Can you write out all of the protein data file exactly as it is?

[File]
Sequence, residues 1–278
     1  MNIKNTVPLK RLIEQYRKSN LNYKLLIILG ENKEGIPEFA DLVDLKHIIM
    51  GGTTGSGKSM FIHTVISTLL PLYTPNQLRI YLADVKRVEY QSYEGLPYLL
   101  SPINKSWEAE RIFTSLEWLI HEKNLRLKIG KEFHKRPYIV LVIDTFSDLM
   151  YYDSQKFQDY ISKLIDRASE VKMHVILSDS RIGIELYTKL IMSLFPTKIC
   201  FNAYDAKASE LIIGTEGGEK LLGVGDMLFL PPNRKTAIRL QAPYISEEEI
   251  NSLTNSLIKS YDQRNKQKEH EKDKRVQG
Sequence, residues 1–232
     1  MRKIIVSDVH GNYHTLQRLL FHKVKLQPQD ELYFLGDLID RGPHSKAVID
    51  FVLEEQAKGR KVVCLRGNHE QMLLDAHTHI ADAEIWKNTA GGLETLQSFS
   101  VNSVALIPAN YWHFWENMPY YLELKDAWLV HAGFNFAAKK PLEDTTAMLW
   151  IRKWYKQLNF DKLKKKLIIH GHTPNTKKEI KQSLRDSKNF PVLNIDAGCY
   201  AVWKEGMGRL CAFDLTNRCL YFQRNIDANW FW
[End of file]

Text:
Sequence, residues 1–278
     1  MNIKNTVPLK RLIEQYRKSN LNYKLLIILG ENKEGIPEFA DLVDLKHIIM
    51  GGTTGSGKSM FIHTVISTLL PLYTPNQLRI YLADVKRVEY QSYEGLPYLL
   101  SPINKSWEAE RIFTSLEWLI HEKNLRLKIG KEFHKRPYIV LVIDTFSDLM
   151  YYDSQKFQDY ISKLIDRASE VKMHVILSDS RIGIELYTKL IMSLFPTKIC
   201  FNAYDAKASE LIIGTEGGEK LLGVGDMLFL PPNRKTAIRL QAPYISEEEI
   251  NSLTNSLIKS YDQRNKQKEH EKDKRVQG
Sequence, residues 1–232
     1  MRKIIVSDVH GNYHTLQRLL FHKVKLQPQD ELYFLGDLID RGPHSKAVID
    51  FVLEEQAKGR KVVCLRGNHE QMLLDAHTHI ADAEIWKNTA GGLETLQSFS
   101  VNSVALIPAN YWHFWENMPY YLELKDAWLV HAGFNFAAKK PLEDTTAMLW
   151  IRKWYKQLNF DKLKKKLIIH GHTPNTKKEI KQSLRDSKNF PVLNIDAGCY
   201  AVWKEGMGRL CAFDLTNRCL YFQRNIDANW FW